Obama, meanwhile, seemed to be going out of his way to isolate Boehner from his more militant caucus members--praising Boehner's willingness to cut a deal, if only it weren't for the crazies on the far right. Perhaps this makes Obama look like a nice guy to people who don't understand the GOP intra-party dynamics, but of course, it poisons an already poisonous relationship between Boehner and the tea-partiers. If I were feeling uncharitable, I might argue that Obama seems to be willing to lower the chances of getting a deal, as long as he raises the chances that the other guys get the blame. And frankly, I'm not feeling very charitable right now.Maybe they will yet reach an agreement in time. But all of this is evidence that we're living through an unordinary political moment that may have significant global economic consequences, which won't limit themselves to the relatively simple and eminently technical negotiations regarding debt ceilings.
Sunday, July 24, 2011
The easiest way to bring a group together is to find a common enemy and blame it for the group's misery. In the long run, however, that strategy destroys the group's spirit.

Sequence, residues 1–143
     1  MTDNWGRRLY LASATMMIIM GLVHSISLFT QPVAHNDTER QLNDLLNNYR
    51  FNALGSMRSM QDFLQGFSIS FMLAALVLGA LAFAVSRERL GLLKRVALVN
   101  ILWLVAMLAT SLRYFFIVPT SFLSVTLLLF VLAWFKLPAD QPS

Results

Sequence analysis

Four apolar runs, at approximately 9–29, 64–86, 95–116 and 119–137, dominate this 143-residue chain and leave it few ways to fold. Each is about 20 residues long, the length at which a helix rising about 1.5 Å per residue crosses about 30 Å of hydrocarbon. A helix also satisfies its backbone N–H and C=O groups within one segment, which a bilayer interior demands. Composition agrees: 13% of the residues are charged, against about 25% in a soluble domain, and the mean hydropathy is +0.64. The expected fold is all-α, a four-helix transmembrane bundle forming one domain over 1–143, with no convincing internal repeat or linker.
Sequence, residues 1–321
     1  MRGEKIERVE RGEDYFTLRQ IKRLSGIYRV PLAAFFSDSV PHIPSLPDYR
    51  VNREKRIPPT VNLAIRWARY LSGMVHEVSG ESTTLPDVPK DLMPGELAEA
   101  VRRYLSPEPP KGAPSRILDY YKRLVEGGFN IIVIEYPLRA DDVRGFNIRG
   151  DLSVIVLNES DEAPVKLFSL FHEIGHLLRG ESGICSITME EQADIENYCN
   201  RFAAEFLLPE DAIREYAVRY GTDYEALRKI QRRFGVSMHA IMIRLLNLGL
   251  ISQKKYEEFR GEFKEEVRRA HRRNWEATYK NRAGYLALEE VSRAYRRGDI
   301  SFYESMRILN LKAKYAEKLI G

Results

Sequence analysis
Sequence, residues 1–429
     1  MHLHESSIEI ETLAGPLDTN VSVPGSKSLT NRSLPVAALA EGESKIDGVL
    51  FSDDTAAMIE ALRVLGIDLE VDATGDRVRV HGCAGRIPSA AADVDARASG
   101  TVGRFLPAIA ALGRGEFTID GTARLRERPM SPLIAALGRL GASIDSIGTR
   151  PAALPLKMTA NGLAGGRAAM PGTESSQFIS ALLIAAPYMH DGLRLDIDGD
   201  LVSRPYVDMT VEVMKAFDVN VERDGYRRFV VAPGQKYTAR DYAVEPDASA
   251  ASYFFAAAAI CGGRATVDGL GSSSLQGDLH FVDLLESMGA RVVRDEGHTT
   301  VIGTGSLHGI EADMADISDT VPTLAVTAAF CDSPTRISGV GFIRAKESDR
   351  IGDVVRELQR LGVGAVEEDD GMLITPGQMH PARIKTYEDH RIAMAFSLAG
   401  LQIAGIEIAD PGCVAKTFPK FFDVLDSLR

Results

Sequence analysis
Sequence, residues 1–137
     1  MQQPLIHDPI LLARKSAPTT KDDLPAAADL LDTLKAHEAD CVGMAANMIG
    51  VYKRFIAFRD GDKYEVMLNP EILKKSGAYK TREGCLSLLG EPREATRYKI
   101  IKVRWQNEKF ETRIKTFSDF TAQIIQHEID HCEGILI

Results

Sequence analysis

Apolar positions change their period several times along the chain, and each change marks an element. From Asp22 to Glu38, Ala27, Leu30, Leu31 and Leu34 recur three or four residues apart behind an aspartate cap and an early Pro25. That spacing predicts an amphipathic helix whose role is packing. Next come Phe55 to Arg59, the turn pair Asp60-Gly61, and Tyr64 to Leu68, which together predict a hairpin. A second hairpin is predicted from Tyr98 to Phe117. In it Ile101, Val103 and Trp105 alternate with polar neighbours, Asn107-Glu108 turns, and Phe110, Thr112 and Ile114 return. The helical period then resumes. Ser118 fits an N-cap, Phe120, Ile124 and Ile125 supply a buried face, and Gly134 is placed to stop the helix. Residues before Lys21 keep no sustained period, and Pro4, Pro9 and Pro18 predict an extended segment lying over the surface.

Thursday, June 30, 2011
The inevitable reality that applies to all countries is that you cannot solve a deep government budgetary problem with monetary measures. You have to solve the deep government budgetary problem, period.
Comparing Greece with Argentina is however ludicrous. Argentina had a weak national currency based on a deeply flawed monetary arrangement which lacked any real backing. Greece on the other hand is full member of a monetary zone based on a solid currency, the euro, backed by a large federation of important economies. The crisis has only served to confirm the euro's strengths.
To argue that the solution to Greece is to leave the eurozone is as laughable as to argue that Arkansas would be better off by leaving the dollar monetary zone once it faces budgetary or debt refinancing difficulties. Its fiscal problems wouldn't magically go away just by adopting a new (and probably weak) currency, and many new difficulties would be created.